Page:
After an hour or so, we get we had taken in a much of the site and its history as we could so we started to head back down to continue on to Sigiriya. I held us up for at least 20 minutes as I befriended the most adorable pup (whom I named Scraps) and sat giving him all the love. I wish I had thought of taking a photo, because his eyes and his little floppy ears would be enough to make anyones day.

We opted for a Tuk Tuk to Sigiriya due to the massive black clouds looming overhead. It was a good choice, as the heavens opened up and poured rain onto us as soon as we got in. For 10aud it was expensive, but a choice that helped us to keep going on what was a pretty wild weathered day.

The rain broke again as we got to Sigiriya. You still couldn’t see the the peak due to the mist after the rain, and we debated whether to climb it or not. In the end we decided to climb the rock directly next to Sigiriya as it was cheaper by around 30aud and promised spectacular views of Sigiriya and its surrounds. The rock was called Pidurangala and was a relatively easy climb, though you did need a little bit of rock climbing prowess to get to the very top. The views from the top were breathtaking. A panorama of the jungle and Sigiriya against a beautiful dark sky greeted us and the rain held off just long enough for us to take in the view.



As the heavens threatened to open once more we retreated under an overhanging rock, climbing back down as soon as a gap in the rain presented itself.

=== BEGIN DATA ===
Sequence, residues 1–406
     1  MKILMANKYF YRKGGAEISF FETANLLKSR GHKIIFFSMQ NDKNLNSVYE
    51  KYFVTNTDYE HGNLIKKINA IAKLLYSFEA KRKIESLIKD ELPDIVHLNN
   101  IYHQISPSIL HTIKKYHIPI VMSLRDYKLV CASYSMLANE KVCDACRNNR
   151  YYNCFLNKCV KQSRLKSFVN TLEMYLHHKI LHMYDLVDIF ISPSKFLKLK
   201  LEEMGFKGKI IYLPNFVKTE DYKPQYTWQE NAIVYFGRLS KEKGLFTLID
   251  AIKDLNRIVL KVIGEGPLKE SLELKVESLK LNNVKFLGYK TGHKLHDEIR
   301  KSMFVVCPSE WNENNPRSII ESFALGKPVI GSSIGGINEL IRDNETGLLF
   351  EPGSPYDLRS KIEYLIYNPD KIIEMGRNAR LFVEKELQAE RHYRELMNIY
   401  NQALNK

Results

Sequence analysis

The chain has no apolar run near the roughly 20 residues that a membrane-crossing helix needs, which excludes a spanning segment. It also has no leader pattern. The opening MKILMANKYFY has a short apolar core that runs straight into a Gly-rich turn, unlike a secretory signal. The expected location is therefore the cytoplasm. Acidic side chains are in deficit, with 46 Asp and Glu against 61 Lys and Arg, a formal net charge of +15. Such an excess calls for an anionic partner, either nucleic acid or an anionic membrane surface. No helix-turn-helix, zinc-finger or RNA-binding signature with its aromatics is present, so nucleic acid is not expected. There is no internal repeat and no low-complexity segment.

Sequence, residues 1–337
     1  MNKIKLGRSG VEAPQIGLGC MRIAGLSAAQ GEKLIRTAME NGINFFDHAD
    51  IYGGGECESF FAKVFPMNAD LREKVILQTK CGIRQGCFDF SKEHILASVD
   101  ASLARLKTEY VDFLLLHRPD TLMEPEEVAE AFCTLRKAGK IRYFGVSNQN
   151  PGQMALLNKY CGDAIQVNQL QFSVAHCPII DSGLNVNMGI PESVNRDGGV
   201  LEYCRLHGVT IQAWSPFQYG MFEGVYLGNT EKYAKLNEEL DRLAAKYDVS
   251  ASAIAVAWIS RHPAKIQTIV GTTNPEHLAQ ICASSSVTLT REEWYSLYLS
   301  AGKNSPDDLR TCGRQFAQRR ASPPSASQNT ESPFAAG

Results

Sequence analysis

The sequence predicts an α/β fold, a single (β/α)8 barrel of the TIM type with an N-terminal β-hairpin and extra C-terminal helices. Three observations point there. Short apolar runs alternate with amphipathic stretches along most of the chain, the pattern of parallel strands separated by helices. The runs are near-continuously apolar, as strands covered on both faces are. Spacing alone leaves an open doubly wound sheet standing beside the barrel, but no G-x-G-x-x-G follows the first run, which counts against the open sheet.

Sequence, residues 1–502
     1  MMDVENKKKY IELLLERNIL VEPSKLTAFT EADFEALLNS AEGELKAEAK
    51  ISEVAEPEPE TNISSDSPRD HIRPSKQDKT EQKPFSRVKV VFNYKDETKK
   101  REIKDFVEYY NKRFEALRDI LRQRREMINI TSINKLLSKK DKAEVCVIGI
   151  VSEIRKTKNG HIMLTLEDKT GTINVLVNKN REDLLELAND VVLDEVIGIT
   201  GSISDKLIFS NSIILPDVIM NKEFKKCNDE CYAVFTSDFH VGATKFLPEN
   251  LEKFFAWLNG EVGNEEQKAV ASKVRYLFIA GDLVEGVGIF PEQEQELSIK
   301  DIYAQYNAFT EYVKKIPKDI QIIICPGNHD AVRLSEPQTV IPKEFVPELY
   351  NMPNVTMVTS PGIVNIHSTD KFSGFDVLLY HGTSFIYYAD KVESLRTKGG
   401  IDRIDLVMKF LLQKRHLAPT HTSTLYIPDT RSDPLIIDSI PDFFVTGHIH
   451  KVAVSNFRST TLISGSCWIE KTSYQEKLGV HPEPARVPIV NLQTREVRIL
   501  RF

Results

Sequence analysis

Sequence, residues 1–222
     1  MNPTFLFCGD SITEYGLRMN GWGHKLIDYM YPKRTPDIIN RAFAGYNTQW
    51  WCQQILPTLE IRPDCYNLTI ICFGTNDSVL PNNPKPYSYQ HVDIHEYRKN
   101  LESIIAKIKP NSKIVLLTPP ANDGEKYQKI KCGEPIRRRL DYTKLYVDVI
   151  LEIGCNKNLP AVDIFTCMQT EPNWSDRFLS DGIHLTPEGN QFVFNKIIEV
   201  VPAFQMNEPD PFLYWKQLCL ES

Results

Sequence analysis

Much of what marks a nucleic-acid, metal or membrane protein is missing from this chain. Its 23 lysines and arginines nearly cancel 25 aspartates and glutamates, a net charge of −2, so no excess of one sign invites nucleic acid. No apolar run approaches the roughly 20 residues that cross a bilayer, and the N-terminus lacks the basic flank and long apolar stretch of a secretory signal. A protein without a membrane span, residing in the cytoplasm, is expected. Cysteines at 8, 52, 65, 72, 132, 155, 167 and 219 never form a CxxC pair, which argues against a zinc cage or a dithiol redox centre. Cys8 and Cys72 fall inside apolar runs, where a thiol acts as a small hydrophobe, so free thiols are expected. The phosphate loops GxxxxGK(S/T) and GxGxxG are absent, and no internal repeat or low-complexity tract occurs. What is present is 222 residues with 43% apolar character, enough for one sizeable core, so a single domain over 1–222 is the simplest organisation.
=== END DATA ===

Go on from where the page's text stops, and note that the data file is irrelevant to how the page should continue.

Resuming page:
We considered also climbing Sigiriya, but the clouds were ominous, so we opted to head home. Good thing we did as the rain bucketed down in torrential fashion as soon as we got into the bus and did not ease until after we had arrived home.

The next day we decided to stay in as it was forecast for yet more rain and we wanted to listen to the Hottest 100 and have a few beers. Unfortunately the power to our hut failed directly after breakfast, so for half of our planned lazy day we were stuck on our porch with very little to do. Power was restored around 2, so viber calls with family and friends as we listened to music took up our afternoon. The lazy day was needed after non stop sightseeing and spending money and it refreshed us before heading to the hustle and bustle of Kandy.

*Andika (well his wife) will cook meals for you for breakfast, lunch and dinner if you happen to be on the property at that time and request a meal.